One of Philadelphia’s most well-known symbols is the Liberty Bell. Visitors can get an up-close look at this icon in the Liberty Bell Center.
The Liberty Bell Center includes exhibits chronicling the history of the Liberty Bell and what it has stood for through the years.
John Pass and John Stowe cast this bronze bell in Philadelphia in 1753. The Liberty Bell was initially named the State House Bell because it hung in the Pennsylvania State House (now known as Independence Hall).
No one knows when the bell first cracked. However, efforts to repair the bell by widening the crack (an effort to prevent further cracking) failed, and the bell eventually cracked again. The Liberty Bell was replaced in 1876 by the Centennial Bell, which still rings today.
The Liberty Bell Center – Know Before You Go
The Liberty Bell Center is part of Independence National Historical Park. It is across the street from the bell’s original home in Independence Hall.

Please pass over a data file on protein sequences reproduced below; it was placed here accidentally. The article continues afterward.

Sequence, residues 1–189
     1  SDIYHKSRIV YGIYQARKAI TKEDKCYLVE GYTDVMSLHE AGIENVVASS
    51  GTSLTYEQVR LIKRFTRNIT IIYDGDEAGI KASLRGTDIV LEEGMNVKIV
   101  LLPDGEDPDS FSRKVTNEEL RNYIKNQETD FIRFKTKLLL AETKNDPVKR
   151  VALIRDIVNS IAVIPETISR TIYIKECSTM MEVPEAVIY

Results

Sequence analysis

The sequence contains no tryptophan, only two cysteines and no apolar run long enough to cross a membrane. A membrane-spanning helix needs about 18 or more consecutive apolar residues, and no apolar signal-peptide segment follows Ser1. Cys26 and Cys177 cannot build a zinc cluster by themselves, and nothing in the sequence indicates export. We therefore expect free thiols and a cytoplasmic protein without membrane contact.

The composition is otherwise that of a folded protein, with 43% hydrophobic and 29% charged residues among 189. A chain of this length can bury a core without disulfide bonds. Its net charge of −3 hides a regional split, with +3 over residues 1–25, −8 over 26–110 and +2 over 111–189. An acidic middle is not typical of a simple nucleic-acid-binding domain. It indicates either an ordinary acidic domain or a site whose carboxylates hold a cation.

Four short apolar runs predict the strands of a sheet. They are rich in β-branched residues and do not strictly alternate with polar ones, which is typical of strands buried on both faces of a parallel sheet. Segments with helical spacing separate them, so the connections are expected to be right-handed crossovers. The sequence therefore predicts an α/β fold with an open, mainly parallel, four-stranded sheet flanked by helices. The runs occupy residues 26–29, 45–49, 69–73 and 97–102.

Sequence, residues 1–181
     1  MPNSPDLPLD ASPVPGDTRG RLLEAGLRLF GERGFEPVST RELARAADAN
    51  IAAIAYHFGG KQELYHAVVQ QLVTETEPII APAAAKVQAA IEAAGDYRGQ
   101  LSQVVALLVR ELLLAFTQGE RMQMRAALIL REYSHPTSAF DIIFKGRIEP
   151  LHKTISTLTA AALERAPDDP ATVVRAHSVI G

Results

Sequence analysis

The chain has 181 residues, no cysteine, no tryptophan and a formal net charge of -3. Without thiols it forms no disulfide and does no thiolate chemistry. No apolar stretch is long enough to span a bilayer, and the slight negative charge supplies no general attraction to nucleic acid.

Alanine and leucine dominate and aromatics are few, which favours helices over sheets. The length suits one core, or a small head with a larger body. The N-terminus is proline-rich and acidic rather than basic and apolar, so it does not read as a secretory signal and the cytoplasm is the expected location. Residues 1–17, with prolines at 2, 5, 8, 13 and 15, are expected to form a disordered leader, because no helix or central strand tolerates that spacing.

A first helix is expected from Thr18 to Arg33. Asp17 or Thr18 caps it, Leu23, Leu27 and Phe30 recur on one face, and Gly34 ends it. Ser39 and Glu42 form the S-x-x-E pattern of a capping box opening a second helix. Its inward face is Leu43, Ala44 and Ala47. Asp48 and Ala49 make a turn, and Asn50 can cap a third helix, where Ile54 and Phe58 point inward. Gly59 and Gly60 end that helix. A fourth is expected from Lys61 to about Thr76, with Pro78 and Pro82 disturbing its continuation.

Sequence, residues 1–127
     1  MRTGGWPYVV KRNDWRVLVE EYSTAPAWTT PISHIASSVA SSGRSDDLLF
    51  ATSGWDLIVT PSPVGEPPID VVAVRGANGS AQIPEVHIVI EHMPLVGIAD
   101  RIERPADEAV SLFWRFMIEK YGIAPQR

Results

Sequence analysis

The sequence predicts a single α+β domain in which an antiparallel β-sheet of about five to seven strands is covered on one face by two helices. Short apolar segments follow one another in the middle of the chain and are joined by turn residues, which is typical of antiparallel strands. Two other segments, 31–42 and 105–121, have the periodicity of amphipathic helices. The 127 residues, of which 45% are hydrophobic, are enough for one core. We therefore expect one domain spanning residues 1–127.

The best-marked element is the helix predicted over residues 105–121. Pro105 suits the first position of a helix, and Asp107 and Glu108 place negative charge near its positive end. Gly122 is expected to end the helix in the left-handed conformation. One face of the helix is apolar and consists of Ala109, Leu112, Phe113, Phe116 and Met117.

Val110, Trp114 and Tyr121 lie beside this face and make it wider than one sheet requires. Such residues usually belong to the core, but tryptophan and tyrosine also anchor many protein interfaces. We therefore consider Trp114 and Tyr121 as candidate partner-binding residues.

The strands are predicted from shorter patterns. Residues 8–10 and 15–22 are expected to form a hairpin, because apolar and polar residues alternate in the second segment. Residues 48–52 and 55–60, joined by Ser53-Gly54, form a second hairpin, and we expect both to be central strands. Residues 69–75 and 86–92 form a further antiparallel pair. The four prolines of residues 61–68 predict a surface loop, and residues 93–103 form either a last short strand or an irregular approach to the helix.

The center is open daily from 9 am until 5 pm. (Hours may vary so check with the National Park Service before you go.) You do not have to pay a fee to see the Liberty Bell, but you will have to go through security.
The Liberty Bell began its journey in the bell tower of the Pennsylvania State House. Since then, it has traveled across the country and continues to serve as a symbol of freedom to many. Today, the Liberty Bell is right where it should be – by Independence Hall and accessible for all to see.
Planning a trip to Philadelphia? Check out Philadelphia Fun: 21 Things to Do in the City of Brotherly Love.